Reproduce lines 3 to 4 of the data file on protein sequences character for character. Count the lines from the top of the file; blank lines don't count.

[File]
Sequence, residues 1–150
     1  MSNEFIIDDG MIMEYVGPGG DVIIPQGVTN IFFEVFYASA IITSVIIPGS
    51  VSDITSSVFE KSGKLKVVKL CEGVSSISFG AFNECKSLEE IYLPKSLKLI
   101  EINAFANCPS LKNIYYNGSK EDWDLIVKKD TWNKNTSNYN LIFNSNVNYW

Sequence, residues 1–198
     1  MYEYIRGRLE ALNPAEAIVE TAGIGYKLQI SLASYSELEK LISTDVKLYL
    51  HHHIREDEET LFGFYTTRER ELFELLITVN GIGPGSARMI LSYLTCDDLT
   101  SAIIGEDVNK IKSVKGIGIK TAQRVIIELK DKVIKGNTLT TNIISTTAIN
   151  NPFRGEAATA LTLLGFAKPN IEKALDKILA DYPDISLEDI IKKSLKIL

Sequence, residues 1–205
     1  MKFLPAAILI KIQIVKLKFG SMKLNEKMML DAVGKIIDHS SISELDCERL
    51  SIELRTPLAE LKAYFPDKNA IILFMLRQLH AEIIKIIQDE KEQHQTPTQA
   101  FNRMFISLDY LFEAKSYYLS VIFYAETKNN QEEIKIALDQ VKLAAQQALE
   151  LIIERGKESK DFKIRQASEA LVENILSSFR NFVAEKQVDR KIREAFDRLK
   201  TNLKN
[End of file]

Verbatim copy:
    51  VSDITSSVFE KSGKLKVVKL CEGVSSISFG AFNECKSLEE IYLPKSLKLI
   101  EINAFANCPS LKNIYYNGSK EDWDLIVKKD TWNKNTSNYN LIFNSNVNYW